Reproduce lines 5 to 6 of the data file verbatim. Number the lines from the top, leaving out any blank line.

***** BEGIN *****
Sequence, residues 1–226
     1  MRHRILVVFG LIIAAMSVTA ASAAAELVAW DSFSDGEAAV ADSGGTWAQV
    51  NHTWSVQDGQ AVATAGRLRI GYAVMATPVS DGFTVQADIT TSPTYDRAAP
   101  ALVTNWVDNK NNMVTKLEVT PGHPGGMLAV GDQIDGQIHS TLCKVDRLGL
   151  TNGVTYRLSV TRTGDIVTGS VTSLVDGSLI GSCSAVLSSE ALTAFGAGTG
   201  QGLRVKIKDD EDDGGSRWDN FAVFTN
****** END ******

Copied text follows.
   151  TNGVTYRLSV TRTGDIVTGS VTSLVDGSLI GSCSAVLSSE ALTAFGAGTG
   201  QGLRVKIKDD EDDGGSRWDN FAVFTN